Rupture of the peroneus tertius tendon in 27 horses
The peroneus tertius tendon (PT) is an important part of the reciprocal apparatus and is responsible for simultaneous stifle and hock joint flexion. This study describes the history, diagnosis, treatment, and outcome of rupture of the PT in 27 horses. The cause of complete or partial rupture of the PT is usually trauma. The characteristic appearance of this injury can be seen as the horse walks forward and the stifle flexes, but the hock extends (see video below).
The medical records of 27 horses were reviewed. The characteristic clinical appearance of flexion of the stifle while the hock is extended was present in 23 horses. In 21 of 27 horses, the injury was caused by trauma, like falling down, slipping, caught in bars or running into a solid object. In 6 horses, the PT was severed due to a laceration, like caught in wire.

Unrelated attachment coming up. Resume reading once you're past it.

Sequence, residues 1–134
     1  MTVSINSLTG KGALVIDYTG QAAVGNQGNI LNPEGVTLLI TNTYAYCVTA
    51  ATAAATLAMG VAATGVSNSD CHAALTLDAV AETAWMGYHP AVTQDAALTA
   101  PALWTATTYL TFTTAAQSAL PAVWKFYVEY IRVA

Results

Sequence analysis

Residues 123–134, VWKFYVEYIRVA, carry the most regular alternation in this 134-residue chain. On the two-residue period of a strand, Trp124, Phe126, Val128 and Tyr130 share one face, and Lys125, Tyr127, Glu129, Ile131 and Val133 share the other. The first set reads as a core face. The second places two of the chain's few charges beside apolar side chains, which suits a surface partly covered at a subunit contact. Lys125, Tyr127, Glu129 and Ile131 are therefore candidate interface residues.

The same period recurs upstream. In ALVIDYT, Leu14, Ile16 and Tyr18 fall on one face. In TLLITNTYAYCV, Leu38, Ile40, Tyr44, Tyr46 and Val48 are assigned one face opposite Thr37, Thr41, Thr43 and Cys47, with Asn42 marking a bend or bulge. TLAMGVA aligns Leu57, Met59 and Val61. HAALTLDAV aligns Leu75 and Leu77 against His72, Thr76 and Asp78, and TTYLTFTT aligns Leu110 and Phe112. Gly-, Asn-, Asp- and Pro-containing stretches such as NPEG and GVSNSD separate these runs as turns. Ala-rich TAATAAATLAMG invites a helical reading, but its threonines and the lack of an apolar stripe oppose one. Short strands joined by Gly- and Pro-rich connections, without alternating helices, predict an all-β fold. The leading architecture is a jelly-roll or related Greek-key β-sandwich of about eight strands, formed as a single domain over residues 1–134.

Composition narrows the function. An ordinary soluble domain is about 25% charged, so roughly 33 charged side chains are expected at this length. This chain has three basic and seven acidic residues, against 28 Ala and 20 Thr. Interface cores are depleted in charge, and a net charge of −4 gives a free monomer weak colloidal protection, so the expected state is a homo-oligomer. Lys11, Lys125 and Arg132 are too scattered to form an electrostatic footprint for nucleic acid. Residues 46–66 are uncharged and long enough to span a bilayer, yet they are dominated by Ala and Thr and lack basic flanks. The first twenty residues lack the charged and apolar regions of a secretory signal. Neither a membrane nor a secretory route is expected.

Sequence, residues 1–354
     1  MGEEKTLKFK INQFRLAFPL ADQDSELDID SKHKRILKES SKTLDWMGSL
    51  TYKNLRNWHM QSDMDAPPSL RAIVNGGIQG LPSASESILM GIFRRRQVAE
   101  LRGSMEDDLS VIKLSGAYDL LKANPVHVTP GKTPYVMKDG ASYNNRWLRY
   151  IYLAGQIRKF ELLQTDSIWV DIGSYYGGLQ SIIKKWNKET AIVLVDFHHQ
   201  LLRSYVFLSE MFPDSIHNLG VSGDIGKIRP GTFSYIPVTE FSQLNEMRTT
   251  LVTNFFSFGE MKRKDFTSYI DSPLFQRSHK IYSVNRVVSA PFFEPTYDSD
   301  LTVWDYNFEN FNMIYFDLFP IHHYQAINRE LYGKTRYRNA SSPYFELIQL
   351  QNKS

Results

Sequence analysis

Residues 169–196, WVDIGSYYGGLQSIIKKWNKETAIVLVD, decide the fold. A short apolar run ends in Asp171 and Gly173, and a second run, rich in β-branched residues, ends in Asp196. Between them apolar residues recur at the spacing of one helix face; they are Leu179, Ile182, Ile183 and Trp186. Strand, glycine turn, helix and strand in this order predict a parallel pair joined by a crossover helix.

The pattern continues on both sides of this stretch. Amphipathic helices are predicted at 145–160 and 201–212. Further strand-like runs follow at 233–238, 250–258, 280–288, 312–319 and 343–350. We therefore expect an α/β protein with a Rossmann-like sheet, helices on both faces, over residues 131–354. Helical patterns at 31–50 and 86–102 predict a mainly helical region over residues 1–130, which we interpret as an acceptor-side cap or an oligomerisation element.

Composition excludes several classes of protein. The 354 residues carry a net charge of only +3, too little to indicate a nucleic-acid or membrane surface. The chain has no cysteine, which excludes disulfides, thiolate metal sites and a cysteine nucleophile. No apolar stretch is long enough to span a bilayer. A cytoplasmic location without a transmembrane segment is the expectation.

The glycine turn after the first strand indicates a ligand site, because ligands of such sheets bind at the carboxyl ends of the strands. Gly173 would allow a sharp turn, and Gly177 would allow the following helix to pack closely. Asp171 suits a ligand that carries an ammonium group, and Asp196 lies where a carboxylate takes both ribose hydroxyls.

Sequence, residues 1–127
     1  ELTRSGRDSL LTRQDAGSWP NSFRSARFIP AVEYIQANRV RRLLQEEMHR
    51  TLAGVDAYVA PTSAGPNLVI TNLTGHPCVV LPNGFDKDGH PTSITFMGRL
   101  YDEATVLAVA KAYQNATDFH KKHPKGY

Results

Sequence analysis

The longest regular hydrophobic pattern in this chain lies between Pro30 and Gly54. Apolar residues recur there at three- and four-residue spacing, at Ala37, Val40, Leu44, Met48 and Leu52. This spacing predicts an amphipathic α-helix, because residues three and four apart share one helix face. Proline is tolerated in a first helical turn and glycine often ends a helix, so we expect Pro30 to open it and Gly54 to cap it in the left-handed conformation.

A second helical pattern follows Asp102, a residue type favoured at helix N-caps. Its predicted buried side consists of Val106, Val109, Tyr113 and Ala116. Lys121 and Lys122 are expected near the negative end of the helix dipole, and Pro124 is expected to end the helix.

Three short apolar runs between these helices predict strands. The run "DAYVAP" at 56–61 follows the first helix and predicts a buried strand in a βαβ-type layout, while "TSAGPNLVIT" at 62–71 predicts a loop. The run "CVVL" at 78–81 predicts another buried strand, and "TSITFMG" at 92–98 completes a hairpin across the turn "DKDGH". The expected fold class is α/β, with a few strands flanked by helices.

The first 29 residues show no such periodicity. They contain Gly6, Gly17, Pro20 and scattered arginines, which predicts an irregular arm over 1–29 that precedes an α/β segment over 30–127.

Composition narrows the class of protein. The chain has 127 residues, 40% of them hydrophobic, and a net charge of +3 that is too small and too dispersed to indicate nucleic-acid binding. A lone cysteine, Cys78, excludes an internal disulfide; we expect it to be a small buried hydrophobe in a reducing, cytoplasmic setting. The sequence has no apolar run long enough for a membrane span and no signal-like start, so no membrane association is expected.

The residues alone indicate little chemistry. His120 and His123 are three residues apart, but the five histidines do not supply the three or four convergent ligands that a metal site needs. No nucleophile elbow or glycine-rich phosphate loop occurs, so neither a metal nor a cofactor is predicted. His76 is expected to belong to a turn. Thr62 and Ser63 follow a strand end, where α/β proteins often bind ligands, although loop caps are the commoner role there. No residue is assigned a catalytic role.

Treatment consisted of stall rest, with or without hand walking, for a mean of 16 weeks. 4 horses were euthanized. 22 horses were gradually returned to their previous level of exercise over a period of 8 weeks. During this time, 2 horses reinjured the PT. A 3rd horse reinjured the PT after 24 months of racing.
Premature return to exercise was the most likely reason for re-injury. The authors recommend to evaluate the healing of the tendon by ultrasound, because it may prevent premature return to exercise and re-injury.
> From: Koenig et al., Can Vet J 46 (2005) 503-506. All rights reserved to Canadian Veterinary Medical Association. Click here for the online summary.